View Rule

View EO 12866 Meetings Printer-Friendly Version     Download RIN Data in XML

HUD/HUDSEC RIN: 2501-AD87 Publication ID: Fall 2018 
Title: Enhancing and Streamlining the Implementation of "Section 3" Requirements for Creating Economic Opportunities for Low- and Very Low-Income Persons and Eligible Businesses 

This rule revises HUD's regulations for Section 3 of the Housing and Urban Development Act of 1968, as amended by the Housing and Community Development Act of 1992 (Section 3), which ensures that employment, training, and contracting opportunities generated by certain HUD financial assistance shall, to the greatest extent feasible, and consistent with existing Federal, State, and local laws and regulations, be directed to low- and very low-income persons, particularly those who are recipients of Government assistance for housing and to business concerns that provide economic opportunities to these persons. HUD’s regulations implementing the requirements of Section 3 have not been updated since 1994 and are not as effective at promoting economic opportunity for low-income persons as HUD believes they could be.  This proposed rule would update HUD’s Section 3 regulations to streamline reporting requirements by aligning the reporting with standard business practice; amending the applicability section; updating reporting and adding new outcome benchmarks; and integrating Section 3 into program enforcement. The purpose of these changes is to reduce regulatory burden, increase compliance with Section 3 requirements, and increase Section 3 opportunities for low-income persons. 

Agency: Department of Housing and Urban Development(HUD)  Priority: Other Significant 
RIN Status: Previously published in the Unified Agenda Agenda Stage of Rulemaking: Proposed Rule Stage 
Major: No  Unfunded Mandates: No 
EO 13771 Designation: Deregulatory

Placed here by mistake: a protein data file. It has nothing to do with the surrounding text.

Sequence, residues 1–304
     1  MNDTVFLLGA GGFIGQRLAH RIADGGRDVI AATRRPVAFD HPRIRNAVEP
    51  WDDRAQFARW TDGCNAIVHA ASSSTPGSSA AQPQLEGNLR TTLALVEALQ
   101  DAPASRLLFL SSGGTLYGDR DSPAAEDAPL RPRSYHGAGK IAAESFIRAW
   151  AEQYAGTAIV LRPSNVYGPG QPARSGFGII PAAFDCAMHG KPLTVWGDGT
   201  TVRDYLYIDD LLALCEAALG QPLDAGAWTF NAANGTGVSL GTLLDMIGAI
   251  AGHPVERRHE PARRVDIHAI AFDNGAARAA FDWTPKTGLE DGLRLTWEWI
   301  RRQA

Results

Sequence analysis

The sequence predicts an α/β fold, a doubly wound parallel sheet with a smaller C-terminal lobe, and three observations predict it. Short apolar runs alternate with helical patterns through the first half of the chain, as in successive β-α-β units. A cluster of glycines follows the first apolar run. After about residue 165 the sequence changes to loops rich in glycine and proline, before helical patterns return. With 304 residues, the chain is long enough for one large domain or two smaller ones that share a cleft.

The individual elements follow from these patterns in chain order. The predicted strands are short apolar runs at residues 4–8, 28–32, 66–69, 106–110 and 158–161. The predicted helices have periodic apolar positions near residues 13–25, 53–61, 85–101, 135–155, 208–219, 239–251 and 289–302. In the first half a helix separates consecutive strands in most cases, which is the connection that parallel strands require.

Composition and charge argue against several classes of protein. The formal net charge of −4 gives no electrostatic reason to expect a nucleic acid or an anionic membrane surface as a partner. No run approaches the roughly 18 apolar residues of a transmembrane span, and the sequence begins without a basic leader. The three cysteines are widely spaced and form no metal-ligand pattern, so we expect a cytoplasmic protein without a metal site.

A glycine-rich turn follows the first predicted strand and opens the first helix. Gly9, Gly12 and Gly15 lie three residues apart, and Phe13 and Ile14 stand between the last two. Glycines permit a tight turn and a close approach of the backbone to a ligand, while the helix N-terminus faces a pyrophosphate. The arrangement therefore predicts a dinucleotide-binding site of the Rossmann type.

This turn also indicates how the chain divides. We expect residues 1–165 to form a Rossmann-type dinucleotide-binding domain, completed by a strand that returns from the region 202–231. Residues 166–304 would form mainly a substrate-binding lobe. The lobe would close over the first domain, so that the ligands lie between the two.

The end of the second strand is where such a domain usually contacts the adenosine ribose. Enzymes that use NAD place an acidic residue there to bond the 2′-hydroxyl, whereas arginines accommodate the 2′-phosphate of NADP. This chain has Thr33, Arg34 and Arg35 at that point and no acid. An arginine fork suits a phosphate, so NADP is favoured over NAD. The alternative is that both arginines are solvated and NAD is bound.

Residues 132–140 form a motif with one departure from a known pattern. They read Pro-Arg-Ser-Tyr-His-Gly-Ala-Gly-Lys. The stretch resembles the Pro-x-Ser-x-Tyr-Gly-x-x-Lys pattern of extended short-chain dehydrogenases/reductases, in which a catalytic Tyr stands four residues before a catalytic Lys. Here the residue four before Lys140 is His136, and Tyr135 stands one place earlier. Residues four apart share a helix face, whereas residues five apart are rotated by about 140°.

CFR Citation: 24 CFR 5, 14, 75, 91, 92, 93, 135, 266,    570, 576, 578, 905, 964, 983, and 1000     (To search for a specific CFR, visit the Code of Federal Regulations.)
Legal Authority: 12 U.S.C. 1701u    42 U.S.C. 1450    42 U.S.C. 3301    42 U.S.C. 3535(d)   
Legal Deadline:  None

Statement of Need:

Over 24 years ago, HUD’s Section 3 regulations were promulgated through an interim rule published on June 30, 1994, at 59 FR 33880. Since HUD promulgated the current set of Section 3 regulations, significant legislation has been enacted that affects HUD programs that are subject to the requirements of Section 3. HUD has also heard from the public that there is a need for regulatory changes to clarify and simplify the existing requirements. HUD concluded that regulatory changes are needed to streamline Section 3 and more effectively help recipients of HUD funds achieve the purposes of the Section 3 statute.

Summary of the Legal Basis:

12 U.S.C. 1701u; 42 U.S.C. 1450; 42 U.S.C. 3301; 42 U.S.C. 3535(d).



Anticipated Costs and Benefits:

The purpose of Section 3 is to provide jobs, including apprenticeship opportunities, to public housing residents and other specific low- and very low-income residents of a local area, and contracting opportunities for businesses that substantially employ these persons. However, the Section 3 requirement itself does not create additional jobs or contracts. Instead, Section 3 redirects local jobs and contracts created as a result of the expenditure of HUD funds to Section 3 residents and businesses residing and operating in the area in which the HUD funds are expended. Currently, Section 3 rules require that a certain percent of new hires are Section 3 residents. HUD has determined that this measure has led to churning, where employers create a series of short-term jobs and hire and fire an employee in order to meet their Section 3 numeric goals. The proposed rule will curb these practices by changing the metric to a percentage of hours worked. HUD anticipates that the change will incentivize employers to create long-term employment opportunities as employers shift their focus to reporting hours worked, a factor that aligns with business practices, rather than on providing employment for a specific number of new hires. HUD also anticipates that the rule’s streamlined reporting requirements will contribute to an increase in the number of employment opportunities provided to Section 3 residents and more funds for Section 3 businesses. HUD estimates that proposed rule would result in an estimated reporting and recordkeeping burden reduction of 25,910 hours or $1.2 million a year. These figures are preliminary estimates and may be updated pending OMB review.